How resilient is your data?
The Bank of England is asking organisations including UK banks, building societies, and PRA-designated investment firms to demonstrate how operationally resilient they are.
Organisations are being asked to identify important Business Services and set Impact Tolerances for these services. Firms are then being asked to take action to ensure they are able to deliver their Important Business Services within their Impact Tolerances.
Testing against severe but plausible operational disruption scenarios will then assist firms to identify vulnerabilities and take mitigating action.
Understanding your data, especially data in flight, (transactions as well as files being transferred around the organisation) essentially your data as it moves from one point to another, is crucial for demonstrating you are operationally resilient. Not only does it help answer the question about how resilient your data is but helps support a wider end to end thinking.
It will take organisations beyond the normal application and infrastructure view of the world. All too often we see organisations focus on software and tin and not on the customer data in flight. We can buy that software anywhere, we can install software and reconfigure as we wish, but can we get our customer data back?
We have all observed organisations having a tough time, not because infrastructure or applications have failed but because the data in its databases wasn’t correct or reconcilable with at least one very public failure in recent years. It is not as simple as making sure you can restore and reconcile, it is a question of how long that might take. For a bank, anything beyond a few hours is disastrous.
There is so much to consider when responding to these regulations but by understanding data in transit across your important business services, your APIs, your batch, and by capturing corresponding volume data, you can ‘anchor’ your mapping and response to what’s really material.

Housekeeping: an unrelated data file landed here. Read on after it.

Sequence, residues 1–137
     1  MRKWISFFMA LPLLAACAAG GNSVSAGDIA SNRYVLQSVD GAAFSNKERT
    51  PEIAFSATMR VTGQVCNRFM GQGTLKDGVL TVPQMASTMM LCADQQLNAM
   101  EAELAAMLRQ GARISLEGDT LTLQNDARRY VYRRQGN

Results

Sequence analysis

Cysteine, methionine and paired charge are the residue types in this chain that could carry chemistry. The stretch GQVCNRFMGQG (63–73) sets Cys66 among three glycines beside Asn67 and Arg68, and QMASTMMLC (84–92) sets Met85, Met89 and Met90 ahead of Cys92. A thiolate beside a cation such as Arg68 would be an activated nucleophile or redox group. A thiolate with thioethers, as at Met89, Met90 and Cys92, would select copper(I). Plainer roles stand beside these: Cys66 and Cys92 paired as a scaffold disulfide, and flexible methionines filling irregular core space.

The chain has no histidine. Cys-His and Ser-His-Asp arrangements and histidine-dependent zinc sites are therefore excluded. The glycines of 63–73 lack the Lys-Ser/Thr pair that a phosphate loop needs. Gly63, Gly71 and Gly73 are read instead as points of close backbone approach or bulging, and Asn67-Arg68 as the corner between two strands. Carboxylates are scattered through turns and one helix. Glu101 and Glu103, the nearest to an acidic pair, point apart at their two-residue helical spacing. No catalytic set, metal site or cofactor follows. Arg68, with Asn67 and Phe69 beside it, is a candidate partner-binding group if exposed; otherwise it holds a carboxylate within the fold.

These specific points will be explored in a series of blogs over the coming months
- what data in transit is,
- how it can help you develop a mature response to regulations (including a definition of your important business services and setting impact tolerances to prioritizing vulnerabilities)
- how it can provide increased transparency for your major change programmes and simplify incident and recovery management
- how best to maintain data in transit information assets to avoid repeating analysis over and over again
- the specific challenges we have observed, and
- how you might overcome these.
For example, it is unlikely that you will be able to rely upon siloed Subject Matter Experts to define and baseline the performance of your Important Business Service(s). The crux of this is that applications and infrastructure alone do not make an Important Business Service.
Rolling up your sleeves now, analysing system-generated logs to target specific transactions, batch processes and volumes, essentially your data in flight, could save you a huge amount of money and time in responding to regulations and if maintained correctly support BAU and large change programmes moving forward.
One last thought, many organisations have layered complexity on top of complexity over the years, imagine the power of taking away that ‘noise’ and truly understanding through data in transit analysis what’s material in terms of your customers being able to fulfil a service.
What will become possible with the better quality of decisions you can make?